And trust must be earned. And verifiable (trust but verifiy). Trust among citizens and between citizens and City Hall.  And trust in the media programming that fosters trust citywide. Trust makes citizens and City Hall responsive and accountable  to each other for Chicago's digital-age safety. Trust that gives all Chicagoans an informed voice  in the government decisions that affect their lives. Trust that fosters CITIZENSHIP.  

The answer has been staring us in the face all along from the TV screens that rule the roost of Chicago's all-powerful digital-age public communications system.

When these stations start building trust, other Chicago media will follow suit. Because building trust is profitable for all media that connect Chicagoans and City Hall in ways that verifiably help Chicago make itself SAFE. 


That's a digital-age axiom. It follows from the hard fact that disruptive, violence-obsessed uses of digital-age media contribute substantially to the hyperpolarized, mistrustful state of American political discourse today. Gone is the degree of trust in government that gave America political stability during the industrial age. Today, polls show that Americans now fear for America's very future . 

In Chicago,
the only remedy
for media-driven mistrust
in a digital age is media-based
TRUST. Trust that connects Chicagoans of
all ages and backgrounds and gets Chicagoans
and City Hall and working together to make Chicago
a SAFE place to visit, work, play, worship and raise a family in. 
This will happen when Chicago (at long last) wakes from its
six-decade nightmare of self-inflicted violence
and FINALLY decides to use its digital-age
public communications system to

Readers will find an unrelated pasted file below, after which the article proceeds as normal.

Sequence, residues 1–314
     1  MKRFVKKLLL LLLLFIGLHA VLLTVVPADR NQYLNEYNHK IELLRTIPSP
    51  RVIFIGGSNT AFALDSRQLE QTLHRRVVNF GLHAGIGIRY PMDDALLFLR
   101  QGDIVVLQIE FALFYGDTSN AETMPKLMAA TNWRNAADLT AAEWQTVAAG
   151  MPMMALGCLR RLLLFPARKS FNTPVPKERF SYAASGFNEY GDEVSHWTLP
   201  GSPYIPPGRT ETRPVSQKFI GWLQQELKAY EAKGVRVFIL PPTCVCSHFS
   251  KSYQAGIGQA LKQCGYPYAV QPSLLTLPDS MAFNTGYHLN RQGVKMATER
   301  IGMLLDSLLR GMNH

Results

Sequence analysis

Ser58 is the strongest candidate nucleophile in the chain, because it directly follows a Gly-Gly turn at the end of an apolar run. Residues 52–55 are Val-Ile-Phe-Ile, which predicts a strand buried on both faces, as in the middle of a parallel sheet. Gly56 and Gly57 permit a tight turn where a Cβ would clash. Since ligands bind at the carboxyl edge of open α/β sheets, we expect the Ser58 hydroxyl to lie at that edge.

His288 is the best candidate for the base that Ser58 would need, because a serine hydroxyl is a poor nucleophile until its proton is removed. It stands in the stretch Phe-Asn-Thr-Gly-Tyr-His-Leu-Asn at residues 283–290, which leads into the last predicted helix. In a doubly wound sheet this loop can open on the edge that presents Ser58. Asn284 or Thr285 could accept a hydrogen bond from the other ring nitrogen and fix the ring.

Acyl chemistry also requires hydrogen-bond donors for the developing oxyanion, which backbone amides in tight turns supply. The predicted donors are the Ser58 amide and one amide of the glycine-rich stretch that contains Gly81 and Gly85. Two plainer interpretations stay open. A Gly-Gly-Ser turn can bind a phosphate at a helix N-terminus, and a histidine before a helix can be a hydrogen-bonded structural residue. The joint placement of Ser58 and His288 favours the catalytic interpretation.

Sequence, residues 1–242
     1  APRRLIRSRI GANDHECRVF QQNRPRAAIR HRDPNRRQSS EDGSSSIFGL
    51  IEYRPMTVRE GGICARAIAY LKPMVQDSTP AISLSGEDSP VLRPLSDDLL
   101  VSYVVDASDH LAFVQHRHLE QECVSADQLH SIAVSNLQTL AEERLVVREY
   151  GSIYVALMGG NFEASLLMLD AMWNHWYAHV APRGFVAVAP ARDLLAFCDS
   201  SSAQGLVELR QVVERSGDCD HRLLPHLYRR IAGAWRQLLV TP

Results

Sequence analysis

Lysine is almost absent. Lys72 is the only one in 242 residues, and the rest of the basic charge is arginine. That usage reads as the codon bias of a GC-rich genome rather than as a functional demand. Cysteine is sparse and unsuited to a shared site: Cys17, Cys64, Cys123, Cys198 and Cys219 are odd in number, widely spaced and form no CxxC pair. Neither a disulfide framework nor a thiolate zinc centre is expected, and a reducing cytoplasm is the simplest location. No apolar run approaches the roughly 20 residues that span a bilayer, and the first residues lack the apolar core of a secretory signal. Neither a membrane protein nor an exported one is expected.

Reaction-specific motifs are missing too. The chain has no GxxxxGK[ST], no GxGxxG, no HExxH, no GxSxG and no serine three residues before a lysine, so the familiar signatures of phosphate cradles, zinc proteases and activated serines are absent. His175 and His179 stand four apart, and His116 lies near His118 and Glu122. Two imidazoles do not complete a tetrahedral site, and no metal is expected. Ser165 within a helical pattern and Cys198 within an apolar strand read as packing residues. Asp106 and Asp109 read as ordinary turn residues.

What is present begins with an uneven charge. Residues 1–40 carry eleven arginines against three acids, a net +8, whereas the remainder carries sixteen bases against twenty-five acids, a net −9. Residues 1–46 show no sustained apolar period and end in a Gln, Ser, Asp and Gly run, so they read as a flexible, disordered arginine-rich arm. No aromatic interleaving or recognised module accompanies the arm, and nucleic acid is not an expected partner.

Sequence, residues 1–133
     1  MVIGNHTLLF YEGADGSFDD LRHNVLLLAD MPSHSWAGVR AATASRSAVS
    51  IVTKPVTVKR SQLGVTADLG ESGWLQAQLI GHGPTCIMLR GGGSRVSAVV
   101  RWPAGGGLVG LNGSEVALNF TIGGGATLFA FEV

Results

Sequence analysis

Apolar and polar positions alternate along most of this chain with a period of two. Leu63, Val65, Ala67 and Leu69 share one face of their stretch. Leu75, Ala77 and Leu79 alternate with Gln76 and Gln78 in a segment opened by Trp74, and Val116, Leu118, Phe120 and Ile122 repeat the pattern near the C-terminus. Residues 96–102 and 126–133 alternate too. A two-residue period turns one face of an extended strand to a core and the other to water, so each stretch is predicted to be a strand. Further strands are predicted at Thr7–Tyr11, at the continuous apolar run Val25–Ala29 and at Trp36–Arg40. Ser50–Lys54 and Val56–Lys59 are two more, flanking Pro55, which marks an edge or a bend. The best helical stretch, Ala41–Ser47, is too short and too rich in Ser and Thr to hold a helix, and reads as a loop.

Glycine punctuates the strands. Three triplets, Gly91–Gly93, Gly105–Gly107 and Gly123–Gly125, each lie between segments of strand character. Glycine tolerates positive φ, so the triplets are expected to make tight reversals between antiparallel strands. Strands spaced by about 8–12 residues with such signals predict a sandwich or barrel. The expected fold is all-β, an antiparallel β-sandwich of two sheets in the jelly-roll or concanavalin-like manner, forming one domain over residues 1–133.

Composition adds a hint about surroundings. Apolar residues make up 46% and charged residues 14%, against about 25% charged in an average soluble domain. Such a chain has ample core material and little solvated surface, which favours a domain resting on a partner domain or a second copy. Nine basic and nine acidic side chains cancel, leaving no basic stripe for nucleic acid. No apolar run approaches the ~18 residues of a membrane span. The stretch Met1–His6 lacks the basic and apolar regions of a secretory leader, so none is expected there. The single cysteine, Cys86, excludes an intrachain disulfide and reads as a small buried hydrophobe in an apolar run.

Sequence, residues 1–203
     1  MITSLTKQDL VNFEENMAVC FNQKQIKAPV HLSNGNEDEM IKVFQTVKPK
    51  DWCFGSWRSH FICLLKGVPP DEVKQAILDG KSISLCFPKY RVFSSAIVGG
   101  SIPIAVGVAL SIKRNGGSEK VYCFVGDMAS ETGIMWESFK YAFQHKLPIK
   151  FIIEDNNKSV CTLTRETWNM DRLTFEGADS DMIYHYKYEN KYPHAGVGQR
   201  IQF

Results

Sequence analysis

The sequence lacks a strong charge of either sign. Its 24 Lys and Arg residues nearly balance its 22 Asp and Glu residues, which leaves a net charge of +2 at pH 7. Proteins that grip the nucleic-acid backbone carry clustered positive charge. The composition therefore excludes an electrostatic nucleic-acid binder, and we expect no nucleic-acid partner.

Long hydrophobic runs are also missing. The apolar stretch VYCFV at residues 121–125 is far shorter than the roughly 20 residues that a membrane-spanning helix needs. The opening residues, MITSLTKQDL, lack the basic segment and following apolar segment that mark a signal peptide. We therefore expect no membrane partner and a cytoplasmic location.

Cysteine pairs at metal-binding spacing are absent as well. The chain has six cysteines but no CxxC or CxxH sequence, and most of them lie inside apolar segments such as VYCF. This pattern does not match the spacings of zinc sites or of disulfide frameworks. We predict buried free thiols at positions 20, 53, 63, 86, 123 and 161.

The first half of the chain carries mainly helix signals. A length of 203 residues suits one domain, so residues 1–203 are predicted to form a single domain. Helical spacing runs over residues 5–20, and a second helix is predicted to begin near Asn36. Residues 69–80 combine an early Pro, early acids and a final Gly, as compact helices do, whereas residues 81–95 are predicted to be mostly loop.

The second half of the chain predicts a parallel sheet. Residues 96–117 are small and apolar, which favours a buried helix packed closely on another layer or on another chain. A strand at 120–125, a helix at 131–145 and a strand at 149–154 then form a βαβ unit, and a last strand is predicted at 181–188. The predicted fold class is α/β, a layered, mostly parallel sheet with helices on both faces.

make itself SAFE. 

chicago's trust deficit 

Do Chicagoans trust  

their police? Or City Hall? 

Or each other?  Or Chicago's  

media? Not much! We're too

afraid.  Of violence itself.

And of the violence we

see in media. 

Fear stifles trust.

And fueling this fear 

are six decades of media  

coverage of Chicago's disastrously 

failed efforts to ever reduce its violence. 

Chicago will be helpless to reduce its violence

until it breaks free from the violence reduction 

mindset that keeps it from  asking what it

would take to MAKE CHICAGO SAFE 

for all residents.

For decades, Chicago's

mind-numbing violence reduction 

mindset has lulled Chicagoans into

accepting violence as a hard, unalterable 

fact of Chicago life.  Like brutal Chicago winters.

It never had to be this way. Chicago

could have made itself

SAFE decades ago.

So how does chicago build trust ?

Realizing this goal will make Chicago America's first city to use the miracle of modern interactive communications technologies expressly to make itself SAFE. 

During the industrial age, Chicago was proud of being America's I WILL CITY. Chicago will take pride in being America's first digital-age WE WILL CITY when it replaces its industrial-age, police-centered public safety goal of violence reduction with the digital-age, citizen-participatory goal of SAFETY for all Chicagoans. Chicago will then be poised to make itself 

more on how can CHICAGO
make itself safe

Here's another digital-age axiom: public safety in a digital age is not merely a public safety (police) or even a public health (medical and sociological) problem. It is fundamentally a public communications (media) problem: a matter of uses of media that enable cities to think and act as intelligent communities committed to safety of all members..

Second, Chicago's media, with citizen input, can devise and implement citizen-participator content and programming that   

  • Attract and hold large, citywide audiences

  • Facilitate constructive citizen/government interactions that strengthen citizenship and build TRUST

  • Routinely produce constructive, verifiable safety outcomes that earn the support of Chicagoans and City Hall alike 

  • Be managed and/or governed in ways that maintain their integrity and functionality

  • Be profitable for the media that host them

At Chicago Civic Media we've developed programming that meet these criteria. But they were too costly for local TV stations to produce. So we decided to think SMALL and scaled-down our Chicago SAFE programming for Chicago's TV stations to air at minimal cost. And here's the version we like best . . .   

And guess what? It begins simply.

With two empty chairs.

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Two Chairs on which two Chicago leaders


take their seats


, , , in order to suspend their

hostilities long enough to fulfill a pledge

(made beforehand) to jointly complete, 

on deadline and in full public view, a


that earns a degree of RESPECT and TRUST